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"The reason we're killing ourselves isn't because we love what we're doing"

Night in the Woods' Scott Benson and Bethany Hockenberry discuss unionizing in games and what to do about indie devs crunching themselves

In Scott Benson's Game Developers Conference postmortem about Night in the Woods, he talked about nearly killing himself to finish the game. When he and co-writer Bethany Hockenberry are asked about that comment in an interview with GamesIndustry.biz the next day, Benson just laughs heartily.

"I find it funny now," he explains. "It's been a year."

Hockenberry adds, "The only thing you can do is laugh."

Laugh, and try to avoid doing the same thing in the future. As anyone who's played Night in the Woods may be able to guess, Hockenberry and Benson are pro-union. And while unions may keep employers from working developers to death, what's to stop developers from doing that to themselves?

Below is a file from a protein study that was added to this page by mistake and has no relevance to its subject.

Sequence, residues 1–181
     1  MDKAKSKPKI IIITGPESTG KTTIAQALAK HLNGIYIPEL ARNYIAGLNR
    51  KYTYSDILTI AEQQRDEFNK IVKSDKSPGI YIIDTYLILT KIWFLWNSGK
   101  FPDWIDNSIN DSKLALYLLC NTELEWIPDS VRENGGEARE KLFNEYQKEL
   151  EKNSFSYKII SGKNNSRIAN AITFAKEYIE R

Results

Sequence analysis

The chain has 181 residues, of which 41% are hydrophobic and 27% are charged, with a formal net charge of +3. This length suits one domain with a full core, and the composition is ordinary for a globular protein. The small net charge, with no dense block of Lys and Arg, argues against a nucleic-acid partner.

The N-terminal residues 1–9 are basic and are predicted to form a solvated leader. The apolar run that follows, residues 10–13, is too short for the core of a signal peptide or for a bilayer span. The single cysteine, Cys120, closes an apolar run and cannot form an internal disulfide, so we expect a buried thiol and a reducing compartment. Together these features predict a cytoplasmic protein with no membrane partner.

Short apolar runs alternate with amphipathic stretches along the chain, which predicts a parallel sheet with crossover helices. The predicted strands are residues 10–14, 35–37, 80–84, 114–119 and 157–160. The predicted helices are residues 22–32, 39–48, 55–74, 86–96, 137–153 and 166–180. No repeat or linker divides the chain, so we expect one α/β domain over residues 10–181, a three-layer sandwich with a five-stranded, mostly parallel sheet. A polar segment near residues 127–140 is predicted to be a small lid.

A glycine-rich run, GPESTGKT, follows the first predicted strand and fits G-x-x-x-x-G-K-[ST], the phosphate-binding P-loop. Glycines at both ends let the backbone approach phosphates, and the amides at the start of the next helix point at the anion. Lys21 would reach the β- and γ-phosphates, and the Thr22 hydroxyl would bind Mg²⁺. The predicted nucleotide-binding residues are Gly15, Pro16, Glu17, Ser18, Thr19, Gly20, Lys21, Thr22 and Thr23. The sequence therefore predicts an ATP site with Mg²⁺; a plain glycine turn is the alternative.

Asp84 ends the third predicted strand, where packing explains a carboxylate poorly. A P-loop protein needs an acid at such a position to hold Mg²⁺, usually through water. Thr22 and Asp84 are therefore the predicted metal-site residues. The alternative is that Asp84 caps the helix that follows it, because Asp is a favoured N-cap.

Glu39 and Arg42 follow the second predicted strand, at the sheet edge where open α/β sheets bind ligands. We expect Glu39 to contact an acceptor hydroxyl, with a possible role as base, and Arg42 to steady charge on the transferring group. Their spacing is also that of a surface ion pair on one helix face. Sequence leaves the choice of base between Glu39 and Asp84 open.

Benson's mood abruptly changes at the question, shifting from protective amusement to more serious introspection.

"I'm passionate about a lot of things and I don't kill myself over them. The reason we're killing ourselves is money and deadlines"

Scott Benson

"The reason we're killing ourselves isn't because we love what we're doing," Benson says. "That's the thing we tell ourselves and tell people: 'We're just so passionate about it.'

"But I'm passionate about a lot of things and I don't kill myself over them. The reason we're killing ourselves is money and deadlines. It's these material constraints. That's a lot of what it is. If we had arts funding and it wasn't going to be the end of the world if we push this six months, it's fine. We can live without going into massive debt. But that's not the reality for most of us."

Some of that pressure came from the fact that the game was Kickstarted. By going through the crowdfunding process, Benson says the team was accountable to backers. When the campaign was launched, Night in the Woods had an estimated release date of January 2015. The game eventually debuted in February 2017.

"Particularly in games, when you announce a release date, if you go back on that, people treat it as a mortal sin," Benson says. "'Delayed again! You've lied to the gamers!' And the press will all cover that. If you've delayed a thing, you've insulted and hurt us on some level.